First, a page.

A is for… Attention

Tell me to what you pay attention and I will tell you who you are. –Jose Ortega y Gasset

Look: I’m easily distracted. It’s modern life. I carry a tiny-but-powerful computer around with me in my pocket. It gives me instant access to most of human knowledge, a bewildering kaleidoscope of opinions, an endless array of cute gifs, and it’s so easy to use.

So when I emerged from my depression, I found myself blinking at the endless amount of time I had wasted — apparently trying to read the entire internet.

There’s a South Park episode about weed. Somewhere during that episode, Randy says: “pot makes you feel fine with being bored, and it’s when you’re bored that you should be learning some new skill or discovering some new science or being creative. If you smoke pot you may grow up to find out that you aren’t good at anything.

I’ve never much liked weed. But I do like my smartphone, and I use it a lot. I use it multiple times a day. It’s like a tic, during any moment of quiet, any pause, any brief lull in the rhythm of the day – out comes the phone.

Endless gratification. I can post a picture to instagram and tag it with a hashtag and almost immediately get a couple of likes.

Endless entertainment. I can open a dozen websites that feed me news, opinion, how-to articles. I can graze wide and far on information, none of which I’ll retain (and much of which isn’t relevant).

Meanwhile, the seconds of my life tick away.

Calvin & Hobbes: Never not relevant

So this post is my declaration of a reboot. I am going to use this A-Z challenge to force myself to blog daily. To help me explore and figure out what’s important to me. To help me balance my consumption of content with the more creatively satisfying creation of content.

I am going to use this A-Z challenge to remind myself to pay attention.

Pea soup and kilner jars

I went to Ikea last week. I have only been to Ikea twice. I get excited about it, then I get there and I get overwhelmed.

I like to think about my house, how I want to live. I browse through Pinterest and Apartment Therapy and imagine – I want a four-poster bed, a reading nook, a grown-up tree house, colourful rugs, dozens of vibrant pot plants spilling out of the corners.

I also want the minimalist look, blank walls, scrubbed wood, a single beautiful bloom in a simple vase. It’s hard to unite these two desires. It’s hard to unite myself into a single person. I spill out over my edges, sometimes. I want everything.

It’s been a hard year, and now I’ve found this domestic happiness. I get excited about organising the kitchen cupboards. I bought kilner jars at Ikea, and then I stuck labels to them all and now my kitchen looks like an instagram post.

Except now I’m trying to make pea soup, to use up the dried split peas I had, and what do you know – they are so old that they are refusing to go smushy, but instead stay hard and slightly crunchy. It’s been cooking for hours. I gave up on it as a dinner option, and instead cooked something beige out of the freezer. I’m almost giving up hope. They feel like they are getting crunchier instead of softer.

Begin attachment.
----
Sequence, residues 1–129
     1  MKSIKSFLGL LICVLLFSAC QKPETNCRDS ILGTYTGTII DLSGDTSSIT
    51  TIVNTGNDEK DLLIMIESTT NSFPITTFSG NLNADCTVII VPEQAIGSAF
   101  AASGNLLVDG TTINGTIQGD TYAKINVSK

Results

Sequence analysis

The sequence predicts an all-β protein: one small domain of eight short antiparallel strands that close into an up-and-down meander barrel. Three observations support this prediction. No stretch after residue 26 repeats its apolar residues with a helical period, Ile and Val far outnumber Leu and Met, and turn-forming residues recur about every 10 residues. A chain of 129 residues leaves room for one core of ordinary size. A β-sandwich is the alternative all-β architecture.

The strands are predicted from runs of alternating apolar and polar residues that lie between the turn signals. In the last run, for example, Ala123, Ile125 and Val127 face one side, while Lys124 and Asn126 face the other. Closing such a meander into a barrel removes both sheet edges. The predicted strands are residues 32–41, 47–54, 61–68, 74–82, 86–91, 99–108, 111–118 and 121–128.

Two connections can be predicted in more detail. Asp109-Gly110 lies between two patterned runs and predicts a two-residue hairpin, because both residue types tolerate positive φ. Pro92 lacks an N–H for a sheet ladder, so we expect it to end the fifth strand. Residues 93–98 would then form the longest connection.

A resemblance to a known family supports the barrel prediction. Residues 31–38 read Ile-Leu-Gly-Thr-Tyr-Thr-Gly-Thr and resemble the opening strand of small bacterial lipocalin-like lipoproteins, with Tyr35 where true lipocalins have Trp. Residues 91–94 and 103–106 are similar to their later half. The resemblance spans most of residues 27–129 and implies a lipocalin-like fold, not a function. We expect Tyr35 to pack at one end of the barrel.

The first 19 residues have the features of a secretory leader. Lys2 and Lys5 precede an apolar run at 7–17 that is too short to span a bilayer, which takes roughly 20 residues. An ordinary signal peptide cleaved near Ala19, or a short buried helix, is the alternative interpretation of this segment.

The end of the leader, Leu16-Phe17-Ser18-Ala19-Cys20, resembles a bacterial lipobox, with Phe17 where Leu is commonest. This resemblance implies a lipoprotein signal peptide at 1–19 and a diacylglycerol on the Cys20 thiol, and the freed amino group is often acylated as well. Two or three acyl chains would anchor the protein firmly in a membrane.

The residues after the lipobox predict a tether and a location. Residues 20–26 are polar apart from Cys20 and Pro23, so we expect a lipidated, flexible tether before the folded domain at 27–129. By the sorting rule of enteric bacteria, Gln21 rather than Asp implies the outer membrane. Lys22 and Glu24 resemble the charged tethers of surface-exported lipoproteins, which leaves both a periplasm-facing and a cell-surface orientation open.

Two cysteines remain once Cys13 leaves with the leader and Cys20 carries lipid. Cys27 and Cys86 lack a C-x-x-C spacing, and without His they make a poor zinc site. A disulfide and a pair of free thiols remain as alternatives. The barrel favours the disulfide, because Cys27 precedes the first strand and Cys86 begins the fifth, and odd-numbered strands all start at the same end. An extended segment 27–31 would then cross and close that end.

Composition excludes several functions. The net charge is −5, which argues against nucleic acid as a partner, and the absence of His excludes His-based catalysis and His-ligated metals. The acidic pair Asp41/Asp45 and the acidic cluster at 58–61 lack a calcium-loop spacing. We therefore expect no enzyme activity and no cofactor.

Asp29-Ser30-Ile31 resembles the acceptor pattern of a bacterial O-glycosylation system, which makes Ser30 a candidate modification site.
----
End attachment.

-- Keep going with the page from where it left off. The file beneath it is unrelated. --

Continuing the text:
I worry, sometimes, that my dreams have become so tiny. I used to dream about travelling the world, visiting Japan, writing a best-seller. Now I would settle for a label on a kilner jar, and some decent pea soup.

Maybe it’s not so bad though. Tiny dreams are achievable.

Getting healthy

So, as part of the whole ‘re-starting my life’ deal, I’m going to get back into the healthy habits that I lost somewhere in the past six months.

For me, getting healthy starts with food. Now, to be clear, ‘going on a diet’ is a terrible approach to getting healthy. Diets, particularly those that are restrictive — no carbs, no fats, whatever — are pretty much going to stress you out. They contribute to overall unhealthy eating patterns, and — assuming you take up a diet to ‘lose weight’ — are going to fail.

Food underpins my health, both physical and mental. Food is something to celebrate; good food brings me joy. And food connects me with friends and family. Life would be far less fun if I couldn’t share a meal out with P. or gift a friend some cupcakes.

My focus when it comes to eating well is nutrition (as opposed to weight loss/calorie restriction). I strive to eat lots of vegetables/fruit, whole-grains, and good fats. I try and eat a varied diet, throwing in random different items and trying out new recipes as much as possible.

My food challenges tend to revolve around adding things in rather than taking things away. Drink more water, eat more vegetables and so on. Focusing on adding good foods means you don’t stress about ‘forbidden items’. Drinking more water automatically means you start drinking less soda, eating more veg means you eat less junk food almost by default.

My favourite food tracker is cron-o-meter, because it lets me track nutrition. Most trackers put way too much emphasis on weight loss/calories, but cron-o-meter comes more from the nutrition/optimum health end of the spectrum.

Nutrition is interesting. I am not an expert (more curious amateur) and I have read many many articles and blogs over the years, ranging from vegan-raw-food ‘vegetables are everything’ to the club-swinging, ketogenic loving, paleo offal-is-key.

Again: I’m not prescriptive. There are many routes up the mountain, and many diets that can work to make us happy, healthy and fulfilled.